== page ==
Fibular Hemimelia

There is little information on fibular hemimelia because it is so rare. It can be scary for new parents who aren't sure what is wrong with their child, especially when their doctors haven't seen a case of FH. My hope is that this page and our experiences will help other parents who are dealing with this diagnosis.

Fibular Hemimelia, currently called Longitudinal Fibular Deficiency, is characterized by a completely  missing or partially missing fibula bone. Each person's leg has two bones- the tibia and fibula- and people with FH are missing part or all of their fibula. Due to the absence of this bone, it often results in a bowed tibia with the affected leg being shorter than the non-affected leg. The discrepancy in leg lengths can vary depending on the child, but a commonly used estimate of severity of the difference is : <15% difference: less severe, 15-25% difference: moderate, and >25% difference: severe.  Anna has a 27% difference in length between her right and left legs, which is considered on the severe side. The absence of the fibula also causes an unstable ankle joint and a partially formed foot with one to five toes (Anna has four toes).

As of now Fibular Hemimelia has no known cause and occurs randomly in the first two months of fetal development, though there is ongoing research to learn more. At this time it is not considered to be genetic or inherited, so if you have a child with FH you have no greater chance of having another child with FH than the general population, and the same for their children. However, there is ongoing research looking more into genetics.  Males are affected twice as often as females, and most often it is unilateral (occurring in only one leg) but can also be bilateral (both legs affected). Anna has only one leg affected. FH can also occur with a short femur, missing knee joints, and even some upper extremity deficiencies (missing a hand, fingers, etc). Anna has no femur, knee, or hip abnormalities. She has two fingers fused by the skin on her right hand that can be separated with surgery. Otherwise her upper limbs are normal.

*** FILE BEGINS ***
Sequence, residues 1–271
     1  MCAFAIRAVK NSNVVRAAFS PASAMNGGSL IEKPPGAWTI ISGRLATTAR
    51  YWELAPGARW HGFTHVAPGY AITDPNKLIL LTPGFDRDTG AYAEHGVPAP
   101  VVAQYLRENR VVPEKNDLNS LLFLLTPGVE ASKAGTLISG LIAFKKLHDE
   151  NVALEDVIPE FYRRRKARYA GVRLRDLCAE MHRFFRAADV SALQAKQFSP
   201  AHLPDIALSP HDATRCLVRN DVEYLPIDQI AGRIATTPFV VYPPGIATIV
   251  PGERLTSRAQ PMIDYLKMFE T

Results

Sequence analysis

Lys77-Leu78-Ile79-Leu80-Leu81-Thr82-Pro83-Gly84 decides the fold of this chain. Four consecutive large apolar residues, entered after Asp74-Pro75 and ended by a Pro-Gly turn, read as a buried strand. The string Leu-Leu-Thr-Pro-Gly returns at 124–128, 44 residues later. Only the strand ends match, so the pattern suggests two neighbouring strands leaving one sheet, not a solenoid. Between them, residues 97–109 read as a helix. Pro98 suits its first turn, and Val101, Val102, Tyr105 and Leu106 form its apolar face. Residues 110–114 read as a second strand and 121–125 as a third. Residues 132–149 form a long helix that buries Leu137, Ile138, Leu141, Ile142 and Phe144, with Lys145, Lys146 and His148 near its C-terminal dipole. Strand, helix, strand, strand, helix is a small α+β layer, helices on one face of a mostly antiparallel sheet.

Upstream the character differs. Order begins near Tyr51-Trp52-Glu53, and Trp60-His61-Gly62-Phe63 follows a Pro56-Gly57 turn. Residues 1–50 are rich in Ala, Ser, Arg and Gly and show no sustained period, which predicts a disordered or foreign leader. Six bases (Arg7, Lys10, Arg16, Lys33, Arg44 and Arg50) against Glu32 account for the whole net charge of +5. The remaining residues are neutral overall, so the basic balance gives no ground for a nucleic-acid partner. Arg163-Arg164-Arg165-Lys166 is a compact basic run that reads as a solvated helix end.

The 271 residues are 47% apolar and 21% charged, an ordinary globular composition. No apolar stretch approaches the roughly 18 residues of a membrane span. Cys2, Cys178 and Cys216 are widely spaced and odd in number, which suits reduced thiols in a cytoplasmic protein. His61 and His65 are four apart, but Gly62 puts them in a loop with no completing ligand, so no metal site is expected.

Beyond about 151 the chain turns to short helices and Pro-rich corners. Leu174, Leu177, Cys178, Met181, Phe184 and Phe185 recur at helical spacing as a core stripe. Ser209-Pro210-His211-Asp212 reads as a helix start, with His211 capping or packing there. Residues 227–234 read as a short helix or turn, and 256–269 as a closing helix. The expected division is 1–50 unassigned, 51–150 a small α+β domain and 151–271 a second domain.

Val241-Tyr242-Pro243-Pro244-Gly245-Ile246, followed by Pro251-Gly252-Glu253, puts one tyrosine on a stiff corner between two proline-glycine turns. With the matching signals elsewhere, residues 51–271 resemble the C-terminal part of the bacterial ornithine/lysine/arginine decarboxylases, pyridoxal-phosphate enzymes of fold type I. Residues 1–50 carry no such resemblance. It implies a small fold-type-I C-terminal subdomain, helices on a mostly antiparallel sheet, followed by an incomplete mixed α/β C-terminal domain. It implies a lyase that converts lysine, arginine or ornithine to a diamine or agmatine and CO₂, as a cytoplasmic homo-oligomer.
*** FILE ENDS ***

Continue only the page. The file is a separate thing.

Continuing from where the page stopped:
Anna's leg at four months:

Treatment consists of either 1) leg lengthening and foot reconstruction surgeries  or 2) amputation and a prosthesis.

We made a treatment decision that we could celebrate. Anna had a left boyd amputation of her foot and osteotomy of her tibia on March 6, 2012. She also had her two fused fingers separated at that time. You can read posts related to her surgery here. They will be listed from newest to oldest. The first one was titled "Ready or Not" (you can go all the way back by clicking on "older posts" at the bottom right until you reach the first one).

If you want to read all the posts related to Anna's fibular hemimelia, including the initial diagnosis, weighing the treatment options, day-to-day thoughts, go here: FH Posts. The first one is titled "The Story."

Here are some of the important posts about Anna's FH throughout our journey:

Fibular Hemimelia Q&A (January 2014)
Birth story (April 2011)
Our decision and weighing the treatment options (August 2011)
Experiencing grief and anxiety (August 2011)
Letter to my daughter (October 2011)
Surgery day (March 2012)
Reflections on the first year (March 2012)
How to talk to people with a disability (March 2012)
Getting her cast off (April 2012)
Anna's first prosthetic leg (June 2012)

Check out my Fibular Hemimelia resources page!